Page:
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Free Time, a (mostly) quartet set from emerging saxophonist Nick Bisesi, offers a fresh helping of modern jazz spanning the range from edgy funk to all-out free. Bisesi's talents as a player are remarkable: he takes advantage of his firm, lean tone to construct solos with vision and clarity. The saxophonist got started in New York City with lessons from Dave Liebman (who guests here on a couple of tracks, adding an extra edge without stealing the show). While Bisesi retains barely discernable evidence of his mentor's fluid improvisational style, he has personalized his sound to achieve a more spare and angular approach.
All but two of the compositions on this disc are penned by Bisesi, and they highlight his diverse musical interests. An overt nod to Ornette Coleman on "Peace" makes it clear where Bisesi stands with respect to free improvisation. Unfortunately, the record is somewhat spoiled by the derivative playing of guitarist Pete McCann. It's a real shame, because otherwise Free Time has incredible potential. The guitarist taps directly into the individual tones and styles carved out by Bill Frisell and Pat Methenyto name two obvious examplesand it seriously detracts from the disc's originality. He copies Frisell's reverberant tone and spare Americana style on "Amused"; the 80/81 -era folk idiom of Pat Metheny on "Knee High"; and the electric swoops of Question and Answer -era Metheny on "Beatrice." One wonders where he's hidden his own sound! It's an unfortunate draw for a record which might otherwise have major-league potential. Despite Bisesi's demonstrated talent for improvisation and composition, he appears to have fallen short when selecting his bandmates. Future outings from Nick Bisesiin other contexts where his skills are utilized to better advantageought to be worth checking out.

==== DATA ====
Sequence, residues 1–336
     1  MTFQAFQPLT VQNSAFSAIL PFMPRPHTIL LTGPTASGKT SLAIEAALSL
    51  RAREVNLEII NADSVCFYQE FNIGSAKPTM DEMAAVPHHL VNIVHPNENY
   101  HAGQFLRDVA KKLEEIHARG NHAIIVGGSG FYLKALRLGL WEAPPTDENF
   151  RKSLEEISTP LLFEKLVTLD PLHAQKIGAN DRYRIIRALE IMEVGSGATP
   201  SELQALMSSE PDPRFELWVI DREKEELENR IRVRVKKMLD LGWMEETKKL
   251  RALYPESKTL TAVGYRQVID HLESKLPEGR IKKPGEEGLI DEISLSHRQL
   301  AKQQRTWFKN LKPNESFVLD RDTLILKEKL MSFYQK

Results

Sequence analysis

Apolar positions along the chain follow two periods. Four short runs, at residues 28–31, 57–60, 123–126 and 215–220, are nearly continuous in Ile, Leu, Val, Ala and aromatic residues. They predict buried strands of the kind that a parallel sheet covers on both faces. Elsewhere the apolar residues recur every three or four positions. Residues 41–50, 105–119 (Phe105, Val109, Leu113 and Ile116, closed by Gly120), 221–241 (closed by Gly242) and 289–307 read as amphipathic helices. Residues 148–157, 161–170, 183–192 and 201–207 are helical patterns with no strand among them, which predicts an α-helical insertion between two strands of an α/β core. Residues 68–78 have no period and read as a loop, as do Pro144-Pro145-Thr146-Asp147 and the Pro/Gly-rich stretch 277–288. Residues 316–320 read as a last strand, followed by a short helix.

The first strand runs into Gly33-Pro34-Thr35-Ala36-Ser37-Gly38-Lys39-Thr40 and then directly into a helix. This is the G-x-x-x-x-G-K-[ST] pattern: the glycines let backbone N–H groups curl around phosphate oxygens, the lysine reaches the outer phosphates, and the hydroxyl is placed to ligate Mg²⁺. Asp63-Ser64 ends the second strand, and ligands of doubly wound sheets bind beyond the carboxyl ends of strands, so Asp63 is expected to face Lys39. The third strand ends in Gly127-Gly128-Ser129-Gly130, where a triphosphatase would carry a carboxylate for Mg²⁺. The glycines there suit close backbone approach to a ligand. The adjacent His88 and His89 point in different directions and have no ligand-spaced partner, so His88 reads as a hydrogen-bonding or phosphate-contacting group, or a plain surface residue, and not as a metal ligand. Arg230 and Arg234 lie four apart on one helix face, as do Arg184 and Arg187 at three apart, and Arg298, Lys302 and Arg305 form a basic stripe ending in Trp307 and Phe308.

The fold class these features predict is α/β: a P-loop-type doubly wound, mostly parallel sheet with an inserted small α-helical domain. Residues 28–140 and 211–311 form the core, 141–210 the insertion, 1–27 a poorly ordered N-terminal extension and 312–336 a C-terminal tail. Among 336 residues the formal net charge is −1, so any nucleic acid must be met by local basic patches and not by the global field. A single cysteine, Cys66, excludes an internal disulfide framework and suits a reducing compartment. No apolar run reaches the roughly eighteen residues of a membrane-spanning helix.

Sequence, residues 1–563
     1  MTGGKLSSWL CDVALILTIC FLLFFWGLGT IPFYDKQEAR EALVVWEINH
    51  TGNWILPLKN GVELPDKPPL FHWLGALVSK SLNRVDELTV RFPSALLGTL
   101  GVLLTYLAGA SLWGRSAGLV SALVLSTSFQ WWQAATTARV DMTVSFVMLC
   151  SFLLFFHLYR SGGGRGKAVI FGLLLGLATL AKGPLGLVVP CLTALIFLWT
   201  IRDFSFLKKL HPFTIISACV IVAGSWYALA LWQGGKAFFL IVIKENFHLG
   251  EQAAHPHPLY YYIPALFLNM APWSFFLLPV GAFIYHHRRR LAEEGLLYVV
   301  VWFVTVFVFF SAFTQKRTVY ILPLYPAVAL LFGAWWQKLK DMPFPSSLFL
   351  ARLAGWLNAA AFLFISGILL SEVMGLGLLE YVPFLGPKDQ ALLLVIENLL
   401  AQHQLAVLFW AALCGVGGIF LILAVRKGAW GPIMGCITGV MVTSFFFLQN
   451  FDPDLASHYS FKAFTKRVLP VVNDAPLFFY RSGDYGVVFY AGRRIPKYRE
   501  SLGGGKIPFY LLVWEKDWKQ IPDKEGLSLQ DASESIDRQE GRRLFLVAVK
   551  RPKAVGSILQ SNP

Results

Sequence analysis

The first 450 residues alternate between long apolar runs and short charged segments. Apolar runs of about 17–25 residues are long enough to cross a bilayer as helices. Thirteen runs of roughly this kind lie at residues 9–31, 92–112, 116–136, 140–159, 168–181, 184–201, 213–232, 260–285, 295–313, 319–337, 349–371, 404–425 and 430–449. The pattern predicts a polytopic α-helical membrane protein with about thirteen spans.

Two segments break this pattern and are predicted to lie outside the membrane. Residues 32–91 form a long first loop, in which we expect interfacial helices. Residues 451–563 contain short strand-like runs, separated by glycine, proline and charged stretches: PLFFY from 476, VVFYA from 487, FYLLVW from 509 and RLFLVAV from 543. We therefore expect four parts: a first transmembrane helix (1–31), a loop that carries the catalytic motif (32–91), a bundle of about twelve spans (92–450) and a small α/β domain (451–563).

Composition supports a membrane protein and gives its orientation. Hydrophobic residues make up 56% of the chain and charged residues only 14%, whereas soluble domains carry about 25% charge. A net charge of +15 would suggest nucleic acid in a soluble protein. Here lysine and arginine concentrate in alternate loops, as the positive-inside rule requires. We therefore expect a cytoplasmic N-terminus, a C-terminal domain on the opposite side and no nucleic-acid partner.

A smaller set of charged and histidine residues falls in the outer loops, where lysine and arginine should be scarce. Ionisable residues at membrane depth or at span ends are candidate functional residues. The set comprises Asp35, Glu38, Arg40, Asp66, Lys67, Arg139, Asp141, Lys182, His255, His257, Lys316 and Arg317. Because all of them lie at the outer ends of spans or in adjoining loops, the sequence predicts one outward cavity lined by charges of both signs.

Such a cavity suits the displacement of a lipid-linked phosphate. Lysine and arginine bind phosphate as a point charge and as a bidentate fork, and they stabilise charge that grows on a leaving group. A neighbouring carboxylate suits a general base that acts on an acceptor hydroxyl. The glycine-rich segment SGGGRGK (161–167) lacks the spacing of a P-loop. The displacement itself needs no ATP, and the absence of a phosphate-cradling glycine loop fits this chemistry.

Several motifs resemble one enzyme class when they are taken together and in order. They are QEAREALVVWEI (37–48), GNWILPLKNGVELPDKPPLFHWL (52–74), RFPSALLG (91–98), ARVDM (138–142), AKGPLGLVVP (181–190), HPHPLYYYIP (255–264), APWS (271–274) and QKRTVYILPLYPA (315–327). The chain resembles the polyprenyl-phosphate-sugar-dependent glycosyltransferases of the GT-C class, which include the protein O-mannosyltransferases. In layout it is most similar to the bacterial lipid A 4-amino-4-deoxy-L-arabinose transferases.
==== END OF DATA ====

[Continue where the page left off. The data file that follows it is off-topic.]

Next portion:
Track Listing: Katja's Groove; Knee High by the Fourth of July; Amused; Avenue A Lullaby; Beatrice; Free Time; Peace; Trilogy for Alto Saxophone.
Personnel: Nick Bisesi: alto saxophone, flute; Dave Liebman: soprano and tenor saxophones; Pete McCann; Sean Conly: bass; Owen Howard: drums.
I love jazz because anything is possible; it has few rules and the best jazz breaks those ones. I prefer free improv because it doesn't really have any rules at all.
I was first exposed to jazz in my teens (in the late sixties).
The first jazz record I bought was Filles de Kilimanjaro by Miles Davis, shortly followed by Extrapolation by John McLaughlin.
My advice to new listeners is to listen as widely as possible and not to make snap judgments--stick with it.